Retirement Planning

The importance of being financially prepared for retirement

There is an old 1940’s song by Albert King titled “Everybody Wants to Go to Heaven but Nobody Wants to Die.” That could become a theme song for the baby boom generation. Living to 100 is becoming commonplace. Remember the days (and if you are reading this, you probably can remember) when Willard Scott on the Today Show congratulated each person turning 100 that day by name and photo. That’s a bygone era.

Today there are well over 53,000 centenarians in the US alone, and it is one of the fastest growing demographic segments. Visit the greeting card section in the local supermarket to see the extensive selection of how many “It’s Great to Be a 100” cards there are.

More than 80%—nearly 85%—of those over a 100 are women. This raises significant retirement and financial planning concerns for them and the men they outlive. The current World’s Oldest Living Person is a woman who is 116. She’s just about the only one left born in the century before last! Her husband passed away when he was 94 years of age and still she’s been a widow for almost a quarter century.

Traditional retirement programs are ill-equipped to address the issues of being retired for as long—or longer—than the years spent gainfully employed. Think of the difficulty of a 40-year career needing to support a 50-year retirement. Even 25 or 30 years of retirement is very a long time. Medical research keeps developing new ways to live longer, and it will take some of the best retirement strategies and plans to guide people through it. And almost certainly it will be a family effort—all working together in succeeding generations—to enjoy such a long and leisurely time. There is talk that 120 will become the new 100.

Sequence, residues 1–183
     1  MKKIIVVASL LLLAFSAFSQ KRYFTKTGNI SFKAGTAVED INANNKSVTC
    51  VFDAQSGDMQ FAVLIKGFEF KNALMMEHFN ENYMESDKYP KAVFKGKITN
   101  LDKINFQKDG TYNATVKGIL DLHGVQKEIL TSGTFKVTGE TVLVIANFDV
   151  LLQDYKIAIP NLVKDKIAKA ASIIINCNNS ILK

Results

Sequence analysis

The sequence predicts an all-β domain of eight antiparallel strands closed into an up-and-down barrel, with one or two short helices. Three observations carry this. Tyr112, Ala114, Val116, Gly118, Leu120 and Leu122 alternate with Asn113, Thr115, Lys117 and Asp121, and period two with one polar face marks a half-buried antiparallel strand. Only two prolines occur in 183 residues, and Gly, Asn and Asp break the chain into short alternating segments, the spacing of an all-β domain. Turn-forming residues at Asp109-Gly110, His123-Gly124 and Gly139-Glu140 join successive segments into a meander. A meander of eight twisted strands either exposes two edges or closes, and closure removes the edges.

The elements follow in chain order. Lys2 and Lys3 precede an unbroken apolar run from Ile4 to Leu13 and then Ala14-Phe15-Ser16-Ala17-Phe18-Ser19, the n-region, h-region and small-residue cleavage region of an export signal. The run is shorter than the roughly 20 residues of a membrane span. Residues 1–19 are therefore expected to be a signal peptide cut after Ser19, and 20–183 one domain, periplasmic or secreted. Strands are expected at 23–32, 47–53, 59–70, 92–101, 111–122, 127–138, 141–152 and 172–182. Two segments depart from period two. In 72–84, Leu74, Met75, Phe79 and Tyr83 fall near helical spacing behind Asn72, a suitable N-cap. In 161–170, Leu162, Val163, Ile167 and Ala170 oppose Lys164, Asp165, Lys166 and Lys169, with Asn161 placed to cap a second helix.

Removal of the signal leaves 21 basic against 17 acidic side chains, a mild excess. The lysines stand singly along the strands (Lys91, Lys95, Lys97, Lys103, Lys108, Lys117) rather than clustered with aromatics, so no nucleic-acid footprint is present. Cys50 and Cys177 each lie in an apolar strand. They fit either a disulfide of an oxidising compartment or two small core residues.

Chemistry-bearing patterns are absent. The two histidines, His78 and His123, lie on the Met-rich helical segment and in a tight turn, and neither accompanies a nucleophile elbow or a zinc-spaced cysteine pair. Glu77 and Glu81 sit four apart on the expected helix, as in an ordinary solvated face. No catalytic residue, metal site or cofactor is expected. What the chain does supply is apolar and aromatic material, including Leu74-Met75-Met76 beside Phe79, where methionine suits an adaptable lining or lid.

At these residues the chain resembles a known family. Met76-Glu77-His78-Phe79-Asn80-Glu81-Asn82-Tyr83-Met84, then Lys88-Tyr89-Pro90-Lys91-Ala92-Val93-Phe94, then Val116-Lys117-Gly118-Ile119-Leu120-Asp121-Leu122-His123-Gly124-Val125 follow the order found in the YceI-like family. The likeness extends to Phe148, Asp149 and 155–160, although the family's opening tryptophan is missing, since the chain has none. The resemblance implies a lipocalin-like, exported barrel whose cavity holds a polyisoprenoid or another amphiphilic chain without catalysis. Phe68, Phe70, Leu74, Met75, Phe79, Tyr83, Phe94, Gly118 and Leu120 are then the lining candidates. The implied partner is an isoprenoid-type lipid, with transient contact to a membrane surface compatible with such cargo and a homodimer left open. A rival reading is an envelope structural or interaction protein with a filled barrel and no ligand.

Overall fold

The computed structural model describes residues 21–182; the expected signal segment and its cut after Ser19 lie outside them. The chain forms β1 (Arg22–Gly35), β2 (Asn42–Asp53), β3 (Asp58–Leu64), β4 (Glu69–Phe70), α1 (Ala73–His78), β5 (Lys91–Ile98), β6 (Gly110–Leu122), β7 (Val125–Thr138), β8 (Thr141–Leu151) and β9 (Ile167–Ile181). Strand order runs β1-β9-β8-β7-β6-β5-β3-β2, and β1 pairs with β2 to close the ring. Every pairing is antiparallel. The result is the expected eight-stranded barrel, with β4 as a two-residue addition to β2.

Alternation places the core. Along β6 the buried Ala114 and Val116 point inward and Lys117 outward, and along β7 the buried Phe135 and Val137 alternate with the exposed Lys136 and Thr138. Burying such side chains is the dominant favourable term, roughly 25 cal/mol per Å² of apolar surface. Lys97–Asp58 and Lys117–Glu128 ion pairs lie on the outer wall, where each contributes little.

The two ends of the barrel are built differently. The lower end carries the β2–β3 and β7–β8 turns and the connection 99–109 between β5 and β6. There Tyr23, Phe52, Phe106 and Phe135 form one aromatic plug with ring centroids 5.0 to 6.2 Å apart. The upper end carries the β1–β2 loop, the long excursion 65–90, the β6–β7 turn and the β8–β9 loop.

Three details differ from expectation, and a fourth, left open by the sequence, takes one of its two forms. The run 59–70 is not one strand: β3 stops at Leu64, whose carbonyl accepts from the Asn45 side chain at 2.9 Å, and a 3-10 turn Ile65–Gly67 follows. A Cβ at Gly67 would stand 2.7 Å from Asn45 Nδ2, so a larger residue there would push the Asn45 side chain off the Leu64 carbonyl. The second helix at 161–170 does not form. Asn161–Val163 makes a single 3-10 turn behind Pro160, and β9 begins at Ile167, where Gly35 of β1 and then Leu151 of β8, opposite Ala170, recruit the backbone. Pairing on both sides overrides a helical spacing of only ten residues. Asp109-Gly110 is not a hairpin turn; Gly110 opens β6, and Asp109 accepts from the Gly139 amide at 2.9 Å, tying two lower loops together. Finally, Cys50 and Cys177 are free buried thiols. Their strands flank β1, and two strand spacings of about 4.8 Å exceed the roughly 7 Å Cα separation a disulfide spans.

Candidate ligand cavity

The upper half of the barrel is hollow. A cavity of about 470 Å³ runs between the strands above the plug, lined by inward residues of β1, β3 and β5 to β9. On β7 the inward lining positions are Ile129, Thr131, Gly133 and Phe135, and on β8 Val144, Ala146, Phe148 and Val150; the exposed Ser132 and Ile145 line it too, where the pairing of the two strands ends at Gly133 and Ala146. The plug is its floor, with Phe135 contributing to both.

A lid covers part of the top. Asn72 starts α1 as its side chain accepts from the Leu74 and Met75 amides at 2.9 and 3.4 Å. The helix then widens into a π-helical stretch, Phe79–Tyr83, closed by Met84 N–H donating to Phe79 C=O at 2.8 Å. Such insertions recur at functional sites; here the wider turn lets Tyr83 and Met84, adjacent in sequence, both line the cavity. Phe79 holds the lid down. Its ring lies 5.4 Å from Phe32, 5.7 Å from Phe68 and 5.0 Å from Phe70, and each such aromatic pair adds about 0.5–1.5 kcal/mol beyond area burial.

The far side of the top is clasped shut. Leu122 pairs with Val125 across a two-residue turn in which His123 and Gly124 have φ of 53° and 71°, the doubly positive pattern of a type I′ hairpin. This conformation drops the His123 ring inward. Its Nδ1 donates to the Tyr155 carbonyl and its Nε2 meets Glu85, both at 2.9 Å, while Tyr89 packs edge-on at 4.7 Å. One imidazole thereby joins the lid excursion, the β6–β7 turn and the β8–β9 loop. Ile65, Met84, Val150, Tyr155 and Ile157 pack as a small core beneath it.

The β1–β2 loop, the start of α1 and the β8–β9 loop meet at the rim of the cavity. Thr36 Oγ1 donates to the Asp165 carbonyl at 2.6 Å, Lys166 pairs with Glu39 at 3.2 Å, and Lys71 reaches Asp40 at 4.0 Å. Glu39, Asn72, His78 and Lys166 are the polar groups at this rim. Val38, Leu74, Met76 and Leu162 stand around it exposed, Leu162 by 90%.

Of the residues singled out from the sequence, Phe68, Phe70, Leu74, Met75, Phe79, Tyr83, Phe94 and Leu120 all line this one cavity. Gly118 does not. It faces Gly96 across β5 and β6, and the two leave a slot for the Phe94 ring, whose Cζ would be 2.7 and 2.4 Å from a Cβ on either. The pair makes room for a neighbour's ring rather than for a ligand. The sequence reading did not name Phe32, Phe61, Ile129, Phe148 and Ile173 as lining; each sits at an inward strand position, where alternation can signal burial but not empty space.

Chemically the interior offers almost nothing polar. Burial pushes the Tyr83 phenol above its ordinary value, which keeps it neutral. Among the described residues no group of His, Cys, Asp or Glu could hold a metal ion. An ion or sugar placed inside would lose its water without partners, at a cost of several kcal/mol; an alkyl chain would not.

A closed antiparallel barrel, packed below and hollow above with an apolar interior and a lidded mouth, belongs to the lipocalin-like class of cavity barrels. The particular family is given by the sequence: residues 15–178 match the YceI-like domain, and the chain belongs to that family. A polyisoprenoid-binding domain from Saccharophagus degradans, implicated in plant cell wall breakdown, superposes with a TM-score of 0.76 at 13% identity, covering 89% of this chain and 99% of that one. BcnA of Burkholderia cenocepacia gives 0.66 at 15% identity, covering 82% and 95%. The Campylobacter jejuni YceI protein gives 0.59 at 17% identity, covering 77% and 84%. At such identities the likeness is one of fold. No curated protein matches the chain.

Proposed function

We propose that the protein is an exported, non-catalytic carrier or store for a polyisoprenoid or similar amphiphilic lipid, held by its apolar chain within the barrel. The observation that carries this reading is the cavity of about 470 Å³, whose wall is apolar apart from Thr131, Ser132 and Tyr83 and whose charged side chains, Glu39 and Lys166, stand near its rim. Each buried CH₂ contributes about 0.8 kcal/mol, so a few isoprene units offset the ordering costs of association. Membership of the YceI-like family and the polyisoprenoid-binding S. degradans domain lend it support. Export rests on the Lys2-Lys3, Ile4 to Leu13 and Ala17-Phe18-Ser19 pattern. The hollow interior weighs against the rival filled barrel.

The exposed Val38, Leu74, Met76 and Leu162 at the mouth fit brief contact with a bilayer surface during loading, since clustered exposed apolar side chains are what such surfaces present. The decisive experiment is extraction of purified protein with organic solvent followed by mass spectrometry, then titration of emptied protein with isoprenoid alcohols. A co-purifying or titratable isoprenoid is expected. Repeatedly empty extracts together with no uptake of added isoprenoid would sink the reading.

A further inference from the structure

The older you get the less likely you are to die

Yes, the older you get the less likely you are to die. There is an irony to that, isn’t there? What it boils down to is that every year there are people in each age group who for one reason or another die. It can be caused by disease, accident, or a host of other things. For each year we sidestep death our odds of living improve … at least a little. According to The Social Security Administration, a man 70 today is expected to live to 85.5 years of age; a man 60 today is expected to live to 83.5 years of age. However, if he lives to be 70, his life expectancy increases to 86.1 years. A hundred year old woman today—a rapidly increasingly phenomena—has another 2.5 years of life expectancy. If she lives to be 102 she then has another 2.2 years expectancy.

It is a blessing that none of us know the time or place. There are many things which contribute to living: current (and future) health, lifestyle, gender, family history and just plain luck all are factors. It is interesting that life insurance companies can tell us very accurately how many people at any particular age are going to die in a given year. They just can’t tell us who they will be.

Everyone has uncertainties in his or her life. That is why a solid financial plan designed to help get through those uncertainties and many years of retirement is so crucial. Crucial not only for yourself, but your spouse, your beneficiaries, your charities, and your peace of mind.


Social Security & Medicare classES

PACE Center
November 14 or November 16

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